HEREFORD Herefordshire New Radnor, Old Radnor, Sarnesfield, Shobdon, and Stretford; the vicarages of Aymestry, Birley, Yarpole, Eardisland, Eye, Leominster Monkland, Norton, Orleton, Stanton-upon-Arrow, and Wigmore; the p. curacies of Brimfield, Elton, Eyton, Ford, Hatfield, Hope-under-Dinmore, Kimbolton, Middleton-on-the-Hill, Leinthall-Earls, Starkes, Ivington, Lingen, Lncton, Marston-in-Pencombe, Discoyed, Kimmarton, Stoke-Prior, Docklow, and Titley; and the donative of Kinsham. The deanery of Ross contains the rectories of Aston-Ingham, Brampton Imperial
    HUNTINGDON Huntingdonshire new windows of stained glass; and contains some interesting old monuments. St. Mary's church occupies the site of a Black canonry. founded in 973; was rebuilt in 1608-20, and restores in 1862; and comprises nave, chancel, and aisles, with a tower. A church was built in 1845, at the expense of Lady Olivia B. Sparrow; and is a handsome edifice, in the pointed style. Au Independent chapel was built in 1868, at a cost of about £8, 000; and is in the early decorated style and cruciform, with tower and spire. There are chapels also for Quakers Imperial
    KNIGHTON Radnorshire New Radnor, Cefnllys, Knucklas, Presteigne, and Rhayader, in sending a member to parliament. The area is about a square mile, and all within K. parish. Pop. in 1851, 1, 388; in 1861, 1, 655. Houses, 293. A chain of ancient defences appears to have been on the line of Offa's dyke, for miles above and below the town; and very interesting vestiges are at Caer-Caradoc, about 3 miles to the N, and at Coxwall Knoll, about 5 miles to the E.—The parish comprises 2, 461 acres. Real property, £3, 955; of which Imperial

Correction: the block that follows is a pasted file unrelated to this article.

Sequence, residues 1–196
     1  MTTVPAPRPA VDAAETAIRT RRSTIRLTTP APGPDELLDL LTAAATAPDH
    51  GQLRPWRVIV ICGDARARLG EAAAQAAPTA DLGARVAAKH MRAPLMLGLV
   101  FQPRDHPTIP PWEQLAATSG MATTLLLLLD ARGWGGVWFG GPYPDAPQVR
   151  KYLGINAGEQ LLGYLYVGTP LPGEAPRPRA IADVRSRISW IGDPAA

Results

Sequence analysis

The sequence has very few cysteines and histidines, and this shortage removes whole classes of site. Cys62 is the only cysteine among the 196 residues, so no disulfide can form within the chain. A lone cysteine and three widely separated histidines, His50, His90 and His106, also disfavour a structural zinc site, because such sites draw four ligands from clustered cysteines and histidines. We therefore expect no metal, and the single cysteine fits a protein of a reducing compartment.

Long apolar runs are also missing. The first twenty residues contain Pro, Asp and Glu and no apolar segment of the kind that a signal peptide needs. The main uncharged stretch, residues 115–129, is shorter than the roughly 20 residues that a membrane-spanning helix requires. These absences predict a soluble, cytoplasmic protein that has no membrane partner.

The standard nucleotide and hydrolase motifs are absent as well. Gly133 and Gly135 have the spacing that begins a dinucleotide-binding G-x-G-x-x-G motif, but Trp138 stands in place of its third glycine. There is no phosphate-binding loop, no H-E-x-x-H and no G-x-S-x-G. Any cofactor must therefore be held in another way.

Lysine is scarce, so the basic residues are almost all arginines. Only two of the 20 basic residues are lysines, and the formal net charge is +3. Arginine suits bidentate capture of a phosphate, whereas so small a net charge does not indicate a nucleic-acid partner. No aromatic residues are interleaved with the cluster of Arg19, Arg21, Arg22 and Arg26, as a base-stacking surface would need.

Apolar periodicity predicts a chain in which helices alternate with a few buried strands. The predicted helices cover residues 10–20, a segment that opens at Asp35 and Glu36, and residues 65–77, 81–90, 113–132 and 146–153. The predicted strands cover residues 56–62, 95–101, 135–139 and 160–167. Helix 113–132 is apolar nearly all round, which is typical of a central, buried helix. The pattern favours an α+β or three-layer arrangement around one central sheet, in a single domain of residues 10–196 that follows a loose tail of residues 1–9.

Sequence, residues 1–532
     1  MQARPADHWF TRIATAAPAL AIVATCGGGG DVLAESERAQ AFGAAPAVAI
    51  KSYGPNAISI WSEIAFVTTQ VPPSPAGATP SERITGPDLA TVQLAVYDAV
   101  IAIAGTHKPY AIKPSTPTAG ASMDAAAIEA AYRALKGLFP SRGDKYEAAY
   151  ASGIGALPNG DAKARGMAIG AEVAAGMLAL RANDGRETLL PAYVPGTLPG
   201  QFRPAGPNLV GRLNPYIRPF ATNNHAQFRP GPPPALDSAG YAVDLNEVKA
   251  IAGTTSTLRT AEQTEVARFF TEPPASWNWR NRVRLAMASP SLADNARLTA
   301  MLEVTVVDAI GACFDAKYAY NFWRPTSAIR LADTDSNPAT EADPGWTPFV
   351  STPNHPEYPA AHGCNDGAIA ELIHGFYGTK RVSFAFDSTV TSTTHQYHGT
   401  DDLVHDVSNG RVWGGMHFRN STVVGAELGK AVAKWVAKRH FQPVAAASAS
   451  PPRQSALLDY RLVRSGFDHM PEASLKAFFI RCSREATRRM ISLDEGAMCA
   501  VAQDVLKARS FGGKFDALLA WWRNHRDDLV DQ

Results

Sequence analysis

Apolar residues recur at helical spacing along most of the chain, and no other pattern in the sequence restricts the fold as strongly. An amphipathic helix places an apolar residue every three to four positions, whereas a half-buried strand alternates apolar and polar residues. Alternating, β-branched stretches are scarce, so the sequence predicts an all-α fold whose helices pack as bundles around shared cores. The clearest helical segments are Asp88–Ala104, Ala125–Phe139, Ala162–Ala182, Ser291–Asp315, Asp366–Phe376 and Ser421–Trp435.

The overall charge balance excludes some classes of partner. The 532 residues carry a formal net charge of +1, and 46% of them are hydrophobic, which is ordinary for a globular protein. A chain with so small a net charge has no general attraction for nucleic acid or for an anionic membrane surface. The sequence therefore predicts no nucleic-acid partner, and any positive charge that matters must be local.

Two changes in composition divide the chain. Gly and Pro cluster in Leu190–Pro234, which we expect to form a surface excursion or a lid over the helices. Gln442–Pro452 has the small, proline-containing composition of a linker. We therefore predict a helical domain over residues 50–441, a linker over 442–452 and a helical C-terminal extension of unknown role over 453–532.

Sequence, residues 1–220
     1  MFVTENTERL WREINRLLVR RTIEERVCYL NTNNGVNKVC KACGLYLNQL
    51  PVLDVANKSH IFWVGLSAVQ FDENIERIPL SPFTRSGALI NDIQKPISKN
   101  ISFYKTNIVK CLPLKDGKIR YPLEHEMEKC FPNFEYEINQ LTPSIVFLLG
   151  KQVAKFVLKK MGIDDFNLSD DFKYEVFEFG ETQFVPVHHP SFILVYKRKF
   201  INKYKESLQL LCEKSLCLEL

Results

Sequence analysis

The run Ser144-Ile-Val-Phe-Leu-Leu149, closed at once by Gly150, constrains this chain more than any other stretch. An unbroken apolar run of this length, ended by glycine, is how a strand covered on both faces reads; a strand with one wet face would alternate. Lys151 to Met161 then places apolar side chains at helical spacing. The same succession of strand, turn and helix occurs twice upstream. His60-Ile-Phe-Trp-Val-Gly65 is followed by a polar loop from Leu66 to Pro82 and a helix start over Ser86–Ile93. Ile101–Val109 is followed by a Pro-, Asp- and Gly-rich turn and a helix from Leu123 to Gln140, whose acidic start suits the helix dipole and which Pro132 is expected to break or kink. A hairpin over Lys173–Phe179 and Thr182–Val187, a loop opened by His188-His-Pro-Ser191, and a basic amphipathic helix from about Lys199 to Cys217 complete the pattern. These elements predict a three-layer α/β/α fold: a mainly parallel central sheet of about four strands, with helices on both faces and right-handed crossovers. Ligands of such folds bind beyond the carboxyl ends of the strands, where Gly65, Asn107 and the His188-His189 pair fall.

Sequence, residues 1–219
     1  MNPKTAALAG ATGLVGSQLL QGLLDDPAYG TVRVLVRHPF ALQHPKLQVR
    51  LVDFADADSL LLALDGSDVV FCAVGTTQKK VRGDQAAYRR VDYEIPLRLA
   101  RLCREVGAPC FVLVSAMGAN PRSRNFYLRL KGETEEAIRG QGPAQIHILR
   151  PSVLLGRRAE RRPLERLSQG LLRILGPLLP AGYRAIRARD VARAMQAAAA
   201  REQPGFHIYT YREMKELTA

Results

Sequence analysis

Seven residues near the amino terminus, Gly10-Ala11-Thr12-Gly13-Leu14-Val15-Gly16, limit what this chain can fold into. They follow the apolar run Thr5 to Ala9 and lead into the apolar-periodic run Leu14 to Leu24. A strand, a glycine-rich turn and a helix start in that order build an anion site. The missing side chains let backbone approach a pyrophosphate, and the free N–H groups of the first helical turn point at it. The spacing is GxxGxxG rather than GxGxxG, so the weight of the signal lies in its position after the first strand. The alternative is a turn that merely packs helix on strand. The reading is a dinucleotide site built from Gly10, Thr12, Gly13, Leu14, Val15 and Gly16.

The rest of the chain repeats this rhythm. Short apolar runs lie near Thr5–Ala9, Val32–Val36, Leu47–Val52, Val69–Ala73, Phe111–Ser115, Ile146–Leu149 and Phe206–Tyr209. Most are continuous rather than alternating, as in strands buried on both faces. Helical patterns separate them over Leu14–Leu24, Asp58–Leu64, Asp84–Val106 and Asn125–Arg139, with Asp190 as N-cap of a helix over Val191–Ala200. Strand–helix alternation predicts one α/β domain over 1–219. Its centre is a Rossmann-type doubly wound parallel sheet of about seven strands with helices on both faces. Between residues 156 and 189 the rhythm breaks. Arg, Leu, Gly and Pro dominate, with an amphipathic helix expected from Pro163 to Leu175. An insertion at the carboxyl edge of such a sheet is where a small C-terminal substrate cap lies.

LICHFIELD Derbyshire
    Nottinghamshire
    Shropshire
    Staffordshire
    Brampton-St. Thomas, Dore, Holmesfield, and Wingerworth. The deanery of Buxton contains the vicarage of Hartington, and the p. curacies of Biggen, Burbage, Buxton, Chelmorton, Fairfield, Church-Sterndale, King-Sterndale, Taddington, and Wormhill. The deanery of Castleton contains the rectory of Castleton, the vicarages of Glossop and Hope, and the p. curacies of Chapel-en-le-Frith, Charlesworth, Edale, Hayfield, Mellor, New Mills Imperial
    PRESTEIGNE Herefordshire
    Radnorshire
    New Radnor, Knighton, Rhayader, Knucklas, and Cefnllys in sending a member to parliament; is a seat of assizes, sessions, and county courts, and a polling-place; had formerly a castle, on an elevated spot, called the Warden; consists chiefly of two good streets, with pleasant outskirts and environs; and has a head post-office, †designated Presteigne, Radnorshire, a banking office, ahotel, a town hall, a shire-hall built in 1829, a countyjail, a church, two dissenting chapels, a grammar school, and charities £174. The railway goes to the Central Wales line at Llangunllo, was authorized Imperial
    SHAFTESBURY Dorset Brampton, to have been founded in the time of Julius Cæsar; was known to the ancient Britons as Caer-Palladwr, to the Saxons as Scaeftesbyrig, and at Domesday as Sceptesberie; is now sometimes called Shaston; is conjectured to have been a Roman station; was either restored or built, about 888, by Alfred; acquired then a great Benedictine nunnery, which gave it high and long importance; was made a mint town by Athelstan; suffered devastation, in 1003, by the Danes; had three mints in the time of Edward the Confessor, and twelve churches at Domesday; acquired an hospital Imperial
    WETHERAL Northumberland Brampton district, Northumberland. The village stands on the river Eden, adjacent to the Newcastle and Carlisle railway, 4¼ miles ESE of Carlisle; enjoys charming environs; and has a post-office under Carlisle, a r. station, and a public green. The township comprises 4,458 acres. Real property, £6,569. Pop., 666. Houses, 129. The parish includes 5 other townships, and comprises 11,778 acres. Pop. in 1851, 3,165; in 1861, 3,377. Houses, 723. The property is subdivided. Corby Castle, originally a castellated edifice, but now modernised with a new Grecian Imperial